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Beetle Outbreaks and Climate Change

American Museum of Natural History

This interactive shows the extent of the killing of lodgepole pine trees in western Canada. The spread of pine beetle throughout British Columbia has devastated the lodgepole pine forests there. This animation shows the spread of the beetle and the increasing numbers of trees affected from 1999-2008 and predicts the spread up until 2015.

Learn more about Teaching Climate Literacy and Energy Awareness»

ngssSee how this Animation supports the Next Generation Science Standards»
Middle School: 4 Disciplinary Core Ideas, 4 Cross Cutting Concepts
High School: 4 Disciplinary Core Ideas, 1 Cross Cutting Concept

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Teaching Tips | Science | Pedagogy | Technical Details

Teaching Tips

About the Science

  • This animation shows the spread of the beetle and the increasing numbers of trees affected from 1999-2008 and predicts the spread up until 2015.
  • Background information, references, and data sources are clearly given.
  • Scientists in western Canada have been tracking the extent of the mountain pine beetle. This native insect kills weak and old lodgepole pine trees, thus promoting healthy growth of young forests. In times of drought, beetle populations can spike, spreading to healthy pine trees.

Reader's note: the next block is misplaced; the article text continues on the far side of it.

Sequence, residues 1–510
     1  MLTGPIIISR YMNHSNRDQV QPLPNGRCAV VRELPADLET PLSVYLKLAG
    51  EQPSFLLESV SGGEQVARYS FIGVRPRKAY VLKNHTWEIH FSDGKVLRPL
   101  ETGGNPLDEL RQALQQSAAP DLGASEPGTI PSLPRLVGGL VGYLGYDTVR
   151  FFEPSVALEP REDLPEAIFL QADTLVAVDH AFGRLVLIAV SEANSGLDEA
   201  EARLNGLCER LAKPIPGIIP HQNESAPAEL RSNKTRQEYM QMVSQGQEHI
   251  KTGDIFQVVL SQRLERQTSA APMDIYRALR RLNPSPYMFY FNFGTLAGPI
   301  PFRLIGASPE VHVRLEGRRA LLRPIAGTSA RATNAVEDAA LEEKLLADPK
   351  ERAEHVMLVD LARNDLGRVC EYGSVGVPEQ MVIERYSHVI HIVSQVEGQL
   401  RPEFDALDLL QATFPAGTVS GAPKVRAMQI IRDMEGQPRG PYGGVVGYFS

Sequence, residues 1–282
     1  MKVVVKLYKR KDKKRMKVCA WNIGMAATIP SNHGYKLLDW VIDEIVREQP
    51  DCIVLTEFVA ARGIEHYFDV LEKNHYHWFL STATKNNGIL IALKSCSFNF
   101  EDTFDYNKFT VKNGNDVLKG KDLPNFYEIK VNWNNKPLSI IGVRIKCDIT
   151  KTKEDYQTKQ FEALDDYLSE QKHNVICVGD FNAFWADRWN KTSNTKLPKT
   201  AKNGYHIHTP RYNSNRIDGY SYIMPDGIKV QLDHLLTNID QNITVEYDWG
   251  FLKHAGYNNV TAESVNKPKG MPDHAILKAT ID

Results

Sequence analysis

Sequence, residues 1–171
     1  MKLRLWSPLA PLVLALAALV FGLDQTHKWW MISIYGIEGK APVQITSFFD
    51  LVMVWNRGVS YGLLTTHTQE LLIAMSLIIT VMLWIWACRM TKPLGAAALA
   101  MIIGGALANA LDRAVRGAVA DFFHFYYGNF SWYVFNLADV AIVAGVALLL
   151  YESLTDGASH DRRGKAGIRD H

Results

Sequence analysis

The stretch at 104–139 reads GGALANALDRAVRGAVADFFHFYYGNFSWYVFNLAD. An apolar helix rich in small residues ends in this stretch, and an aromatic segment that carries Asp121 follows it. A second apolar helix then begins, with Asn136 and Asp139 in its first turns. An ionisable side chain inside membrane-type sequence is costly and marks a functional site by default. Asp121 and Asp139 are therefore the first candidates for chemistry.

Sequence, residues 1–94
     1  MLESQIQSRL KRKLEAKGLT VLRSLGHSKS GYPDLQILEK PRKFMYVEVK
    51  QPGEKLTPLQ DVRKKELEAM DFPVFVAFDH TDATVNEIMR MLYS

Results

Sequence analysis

• Historically, cold winters kept beetle populations under control. A new study published in the journal Nature highlights how climate change is promoting pine beetle outbreaks—and how the outbreaks are contributing to climate change.
  • Comments from expert scientist: This study provides the possible insect outbreaks and their feedback to the ecosystem and relates it to global warming and forest carbon dynamics.
  • It is a very interesting article as it combines forest dynamics with climate change. The focus is mostly on temperature.
  • Effect of precipitation, however, is not mentioned much, and the combined effect of decreasing precipitation during winter (less snow) and increasing temperature can increase effects of pine beetle and other invasive insects on trees.

About the Pedagogy

  • Excellent tool that would be useful when teaching about the carbon cycle feedbacks, biological limiting factors, and ecological consequences of climate change.
  • A how-to-use guide can be found at http://www.amnh.org/sciencebulletins/educators_guide/howuse.php.
  • This resource provides lots of information on pine bark beetle in an interesting format.
  • Educators may need to show where Western Canada is relative to the continental US.

Technical Details/Ease of Use

  • Excellent quality and easy to use.
  • Requires Adobe Flash player.
  • This interactive has no narration.

Next Generation Science Standards See how this Animation supports:

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